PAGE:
Even More Memories of Grand Rapids… from the Author’s Mom

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I thought my mother would get a kick out my 23 Signs You are a Grand Rapids Native post along with all the wonderful comments submitted by you! I printed them out for her and passed them along. What do you know? A few days later she showed up with her own list of Grand Rapids memories. Check these out:

From Dawn’s Mom: Memories from the “older” Grand Rapids generation!

Image from wikipedia: http://en.wikipedia.org/wiki/Ramona_Park
Image from wikipedia: http://en.wikipedia.org/wiki/Ramona_Park
  • I remember when Ramona Park was a summer highlight! (Note from Dawn: My Dad used to talk about Ramona Park too. I’m surprised I didn’t get more comments about it on the other posts. “You are a true Grand Rapids native if you know why Rose’s serves carmel corn at the end of the meal!”)
  • There was a time when you had a party-line with the phone company. It meant that you could not always use your phone when you wanted to because you shared the phone line with other families. The phone numbers started with a ward such as Glendale or Riverside. Ours was Glendale 46293.
  • “Burt the Milkman” would come to our house on the Northeast side of Grand Rapids and leave bottles of milk in the milk box on our porch.
  • When I was in the 3rd grade, an F5 tornado with winds up to 300 mph touched down in the outskirts of Grand Rapids. Hudsonville, Standale and Comstock Park were primarily hit on this terrifying night on April 3, 1956. Sadly 17 people lot their lives and 330 were injured.
  • At Christmastime in the Creston Heights shopping district, the streetlights had huge wreaths on them with a good-sized bell hanging in the middle. My sisters and I would walk down there and go to D&C and Fisher Dimestores – right across the street from one another. They sold everything a child could want!
  • I remember walking to neighborhood groceries stores: IGA, A&P and Eberhards.
  • The Creston Heights Library was previously a bank, and is now a restaurant.
    Once the Creston branch of Old Kent bank, then a library, now Red Ball Jet. Photo credit: http://www.thegilmorecollection.com/redjet-history.php
    Once the Creston branch of Old Kent bank, then a library, now Red Ball Jet. Photo credit: http://www.thegilmorecollection.com/redjet-history.php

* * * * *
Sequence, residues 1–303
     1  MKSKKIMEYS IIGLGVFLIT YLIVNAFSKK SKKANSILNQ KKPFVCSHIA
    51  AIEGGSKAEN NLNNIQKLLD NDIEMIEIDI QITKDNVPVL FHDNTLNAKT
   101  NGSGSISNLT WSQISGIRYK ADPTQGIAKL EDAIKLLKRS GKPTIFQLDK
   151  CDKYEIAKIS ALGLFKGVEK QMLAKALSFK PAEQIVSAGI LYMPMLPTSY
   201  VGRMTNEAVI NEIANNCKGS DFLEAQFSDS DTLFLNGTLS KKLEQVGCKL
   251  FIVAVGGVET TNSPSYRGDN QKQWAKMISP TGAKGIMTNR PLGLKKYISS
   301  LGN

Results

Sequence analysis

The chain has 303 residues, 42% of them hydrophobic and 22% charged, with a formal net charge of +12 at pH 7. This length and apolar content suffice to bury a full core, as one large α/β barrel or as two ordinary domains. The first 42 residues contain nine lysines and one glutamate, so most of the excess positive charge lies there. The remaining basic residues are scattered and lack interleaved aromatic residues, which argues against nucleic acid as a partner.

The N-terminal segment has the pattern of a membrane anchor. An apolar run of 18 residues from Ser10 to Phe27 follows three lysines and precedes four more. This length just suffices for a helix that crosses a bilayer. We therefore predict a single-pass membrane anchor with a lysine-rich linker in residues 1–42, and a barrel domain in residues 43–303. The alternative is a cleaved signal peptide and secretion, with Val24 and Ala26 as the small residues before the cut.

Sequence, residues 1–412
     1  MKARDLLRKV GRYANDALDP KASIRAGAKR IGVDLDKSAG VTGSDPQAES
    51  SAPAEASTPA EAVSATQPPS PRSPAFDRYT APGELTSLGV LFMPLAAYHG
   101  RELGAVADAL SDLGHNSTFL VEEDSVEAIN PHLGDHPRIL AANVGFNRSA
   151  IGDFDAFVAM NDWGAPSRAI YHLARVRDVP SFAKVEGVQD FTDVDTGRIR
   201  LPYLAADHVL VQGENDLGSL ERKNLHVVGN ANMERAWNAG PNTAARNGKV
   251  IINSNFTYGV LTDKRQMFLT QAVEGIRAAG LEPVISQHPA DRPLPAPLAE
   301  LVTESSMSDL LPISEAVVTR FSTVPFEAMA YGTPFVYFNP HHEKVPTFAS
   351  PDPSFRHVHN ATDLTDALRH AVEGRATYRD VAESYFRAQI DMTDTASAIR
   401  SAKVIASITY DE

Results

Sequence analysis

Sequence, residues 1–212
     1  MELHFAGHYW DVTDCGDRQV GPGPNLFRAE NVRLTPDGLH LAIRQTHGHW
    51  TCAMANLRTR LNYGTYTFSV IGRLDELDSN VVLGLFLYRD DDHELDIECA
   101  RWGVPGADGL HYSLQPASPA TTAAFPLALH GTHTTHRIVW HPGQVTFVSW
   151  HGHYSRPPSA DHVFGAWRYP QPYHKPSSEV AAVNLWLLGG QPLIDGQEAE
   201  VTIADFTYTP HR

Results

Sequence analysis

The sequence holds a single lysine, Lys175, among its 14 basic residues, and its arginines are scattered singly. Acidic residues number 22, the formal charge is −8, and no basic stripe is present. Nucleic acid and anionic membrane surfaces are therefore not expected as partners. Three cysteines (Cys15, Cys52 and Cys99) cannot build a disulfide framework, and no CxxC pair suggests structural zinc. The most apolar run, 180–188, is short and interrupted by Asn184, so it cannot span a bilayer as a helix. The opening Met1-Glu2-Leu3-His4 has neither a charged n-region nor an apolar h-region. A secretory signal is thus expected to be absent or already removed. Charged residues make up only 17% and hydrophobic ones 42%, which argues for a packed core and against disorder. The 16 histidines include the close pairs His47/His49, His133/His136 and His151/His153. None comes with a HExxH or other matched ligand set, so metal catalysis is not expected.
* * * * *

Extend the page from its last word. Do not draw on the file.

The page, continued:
• I have memories of busload after busload of school children dropped off at the Civic Auditorium downtown to the Shrine Circus in the 1950s.
  • During the 1950s the Farmer’s Market was located on Leonard Street, next to the river.
  • Many of us Grand Rapids natives learned to swim at places like Brigg’s Park, Highland Park and Richmond Park.
  • When I was in the 10th grade at Creston High School sitting in my Civics class, an announcement came over the loud speaker that President Kennedy had been shot and killed. The classroom became silent – nobody said anything, but just sat in disbelief and silence. A few days later I watched the funeral on our black and white RCA TV.
  • During my “JC” days, on Friday and Saturday nights, car after car full of young people would drive around downtown over and over as a way to meet other young people! …by the way, my tuition at JC was $7.00 a credit hour.
  • You are a Grand Rapids native if you remember that driving across Grand Rapids used to take much longer than it does today. Expressways were built here in the 1960s.
  • Grand Rapids, once known as “The Furniture City” and “the city of churches” is now known for their brews! (Yes, my mother actually wrote that. – Dawn)

I attended Grand Rapids schools from kindergarten through the 12th grade. There were 450 students in my senior class in 1965. Four years after graduation, I began teaching for Grand Rapids Public Schools and I retired after 34 years of teaching. I will forever be thankful that I had the opportunity to give back and help make a difference in the lives of children in Grand Rapids.

Jan Highhouse

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